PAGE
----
As I skimmed the comments, there were a few things I thought I might address that might be helpful to readers in general.   (Keep in mind—I don’t know the complete situation so I am not offering you advice.  My concern is that you read this post and then run out and apply what I say, don’t.  One way to get help for your unique situation is to seek out professional help so you can share your complete story.).

Involvement of police.

On November 6, 2016 a reader wrote “Tonight I called the police where he was and explained what he had said to me and they went searching for him. I’m not sure if it was the right move…Did I overreact?” On April 2, 2015, a reader wrote, “I had no idea they would send police and cuff him. He was taken to ER and released but was treated like a criminal. I feel so horrible. Now he is furious at me. I don’t know what to do.”  This really is hard to witness. I recall my own struggle to make the call, knowing that Dave didn’t want me to call, and knowing he would be upset during and after either openly or passive aggressively.  I needed a lot of support from my therapist to make the call and after the call—and I got the support.  The cuffs or plastic ties that’s used–keeps your partner and the officers safe.  A person in a state of mind needing to be taken to the hospital for an assessment has intense emotions and obsessive preoccupations with dying.  S/he is probably desperate, hopeless, and not thinking rationally.  In that context—S/he is unpredictable and could do something in the moment that is permanent and irreversible.  The humiliation of being cuffed can be processed in treatment.  It took a little time, but Dave said to me in couples therapy, that my calling the police saved his life, and he was grateful.  I can’t promise that outcome, but if saving a life is a goal—then calling the police may be the only option, when the person struggling with suicidal thoughts/behaviors does not and will not help him/herself.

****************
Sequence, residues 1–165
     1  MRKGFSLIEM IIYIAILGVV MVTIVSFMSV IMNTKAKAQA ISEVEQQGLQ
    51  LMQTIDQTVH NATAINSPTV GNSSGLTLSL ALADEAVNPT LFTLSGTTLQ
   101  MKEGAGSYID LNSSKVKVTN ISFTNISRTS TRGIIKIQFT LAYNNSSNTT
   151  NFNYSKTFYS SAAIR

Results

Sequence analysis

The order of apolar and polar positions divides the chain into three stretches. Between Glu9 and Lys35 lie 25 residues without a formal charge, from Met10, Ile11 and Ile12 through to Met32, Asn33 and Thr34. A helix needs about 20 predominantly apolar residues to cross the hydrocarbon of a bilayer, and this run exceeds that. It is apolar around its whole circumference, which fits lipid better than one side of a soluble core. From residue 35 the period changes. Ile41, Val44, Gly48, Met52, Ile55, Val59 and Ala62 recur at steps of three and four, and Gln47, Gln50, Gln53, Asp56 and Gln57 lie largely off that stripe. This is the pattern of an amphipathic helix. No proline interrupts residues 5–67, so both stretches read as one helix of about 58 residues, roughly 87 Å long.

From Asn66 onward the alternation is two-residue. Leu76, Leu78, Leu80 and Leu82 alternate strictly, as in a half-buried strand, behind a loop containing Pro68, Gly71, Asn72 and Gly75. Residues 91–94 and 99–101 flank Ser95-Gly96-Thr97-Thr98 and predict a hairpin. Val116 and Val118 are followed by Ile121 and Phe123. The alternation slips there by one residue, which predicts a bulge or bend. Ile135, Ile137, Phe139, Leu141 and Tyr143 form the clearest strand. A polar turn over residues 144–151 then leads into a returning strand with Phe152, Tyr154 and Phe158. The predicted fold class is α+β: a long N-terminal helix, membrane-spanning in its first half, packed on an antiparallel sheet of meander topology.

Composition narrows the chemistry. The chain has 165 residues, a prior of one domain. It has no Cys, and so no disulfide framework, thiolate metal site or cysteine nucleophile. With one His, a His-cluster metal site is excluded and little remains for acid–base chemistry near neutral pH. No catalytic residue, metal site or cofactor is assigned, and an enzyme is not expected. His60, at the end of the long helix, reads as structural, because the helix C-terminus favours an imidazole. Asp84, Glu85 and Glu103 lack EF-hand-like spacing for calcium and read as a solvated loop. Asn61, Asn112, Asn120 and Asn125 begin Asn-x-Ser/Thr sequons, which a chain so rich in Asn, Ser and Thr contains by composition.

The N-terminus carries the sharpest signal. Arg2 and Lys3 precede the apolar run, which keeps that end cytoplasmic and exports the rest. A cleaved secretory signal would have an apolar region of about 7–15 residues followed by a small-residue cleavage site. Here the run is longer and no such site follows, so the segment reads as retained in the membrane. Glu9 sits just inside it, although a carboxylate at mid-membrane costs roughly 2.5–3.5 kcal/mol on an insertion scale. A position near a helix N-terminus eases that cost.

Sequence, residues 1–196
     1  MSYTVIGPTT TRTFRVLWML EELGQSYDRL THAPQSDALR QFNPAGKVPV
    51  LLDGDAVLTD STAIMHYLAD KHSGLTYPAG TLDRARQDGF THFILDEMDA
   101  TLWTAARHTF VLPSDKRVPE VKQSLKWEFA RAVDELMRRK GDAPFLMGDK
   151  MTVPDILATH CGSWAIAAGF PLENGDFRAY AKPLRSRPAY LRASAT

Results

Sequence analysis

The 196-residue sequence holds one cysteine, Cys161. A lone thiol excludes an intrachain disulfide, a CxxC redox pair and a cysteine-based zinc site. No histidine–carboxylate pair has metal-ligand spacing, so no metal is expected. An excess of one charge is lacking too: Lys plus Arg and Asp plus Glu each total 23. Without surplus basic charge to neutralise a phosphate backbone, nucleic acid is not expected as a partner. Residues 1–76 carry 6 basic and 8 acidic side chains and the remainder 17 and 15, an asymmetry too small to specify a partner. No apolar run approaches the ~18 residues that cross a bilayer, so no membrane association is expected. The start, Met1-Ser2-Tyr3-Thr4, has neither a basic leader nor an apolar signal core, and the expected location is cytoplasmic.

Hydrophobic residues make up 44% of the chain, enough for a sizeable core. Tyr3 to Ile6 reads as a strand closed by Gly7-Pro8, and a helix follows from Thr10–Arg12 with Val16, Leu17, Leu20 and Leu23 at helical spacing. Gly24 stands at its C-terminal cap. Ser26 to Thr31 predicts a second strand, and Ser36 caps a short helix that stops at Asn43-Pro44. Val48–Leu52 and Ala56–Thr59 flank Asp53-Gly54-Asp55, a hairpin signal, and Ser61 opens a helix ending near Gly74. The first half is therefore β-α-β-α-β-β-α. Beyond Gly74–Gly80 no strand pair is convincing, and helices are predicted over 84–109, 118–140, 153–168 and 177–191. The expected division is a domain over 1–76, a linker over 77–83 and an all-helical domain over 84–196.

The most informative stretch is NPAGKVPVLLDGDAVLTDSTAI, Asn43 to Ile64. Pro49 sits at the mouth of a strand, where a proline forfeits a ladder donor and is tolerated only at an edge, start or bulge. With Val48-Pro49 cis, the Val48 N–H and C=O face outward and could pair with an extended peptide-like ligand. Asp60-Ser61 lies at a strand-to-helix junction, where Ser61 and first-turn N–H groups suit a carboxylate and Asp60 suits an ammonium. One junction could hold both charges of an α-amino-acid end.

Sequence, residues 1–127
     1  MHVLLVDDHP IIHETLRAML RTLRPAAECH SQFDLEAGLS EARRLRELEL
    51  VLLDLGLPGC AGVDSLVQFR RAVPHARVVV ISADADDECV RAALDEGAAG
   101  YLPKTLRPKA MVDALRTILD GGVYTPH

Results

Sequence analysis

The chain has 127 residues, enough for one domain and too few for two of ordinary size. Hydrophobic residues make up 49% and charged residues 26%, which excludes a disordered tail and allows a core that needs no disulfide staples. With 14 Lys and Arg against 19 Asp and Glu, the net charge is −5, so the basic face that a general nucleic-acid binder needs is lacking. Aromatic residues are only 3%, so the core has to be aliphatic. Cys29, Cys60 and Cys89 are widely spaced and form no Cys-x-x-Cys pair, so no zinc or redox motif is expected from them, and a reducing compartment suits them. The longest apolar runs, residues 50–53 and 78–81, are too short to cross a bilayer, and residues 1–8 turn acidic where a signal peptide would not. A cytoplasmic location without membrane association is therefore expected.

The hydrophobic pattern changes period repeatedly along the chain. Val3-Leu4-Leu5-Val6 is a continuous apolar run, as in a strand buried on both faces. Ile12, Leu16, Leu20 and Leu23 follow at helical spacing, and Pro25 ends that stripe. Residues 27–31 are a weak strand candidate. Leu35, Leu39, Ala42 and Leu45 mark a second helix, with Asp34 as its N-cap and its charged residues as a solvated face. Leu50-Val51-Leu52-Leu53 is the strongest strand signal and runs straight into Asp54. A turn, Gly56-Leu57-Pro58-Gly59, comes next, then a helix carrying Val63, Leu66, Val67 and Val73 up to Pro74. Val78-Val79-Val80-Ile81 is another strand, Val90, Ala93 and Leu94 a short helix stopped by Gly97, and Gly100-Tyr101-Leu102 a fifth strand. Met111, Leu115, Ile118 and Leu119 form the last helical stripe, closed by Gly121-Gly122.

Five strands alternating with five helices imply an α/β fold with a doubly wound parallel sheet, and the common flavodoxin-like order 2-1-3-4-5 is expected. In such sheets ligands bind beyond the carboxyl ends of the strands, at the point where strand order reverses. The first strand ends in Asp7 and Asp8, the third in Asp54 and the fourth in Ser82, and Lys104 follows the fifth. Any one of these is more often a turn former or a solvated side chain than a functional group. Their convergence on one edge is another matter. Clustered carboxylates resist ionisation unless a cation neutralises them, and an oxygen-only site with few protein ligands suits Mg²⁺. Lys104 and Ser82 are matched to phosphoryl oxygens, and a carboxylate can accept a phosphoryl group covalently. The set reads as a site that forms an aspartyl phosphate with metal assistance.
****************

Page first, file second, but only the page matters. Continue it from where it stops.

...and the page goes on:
As for over-reacting or under-reacting—this is the hard thing in dealing with our spouses/partners.  I too felt helpless, and powerless, confused, conflicted as to how best help.  The emotional charge that’s between the couple, family member, friend, can make it hard to see clearly, objectively—what’s the best path to take.  A professional can help with this.

Duty to report.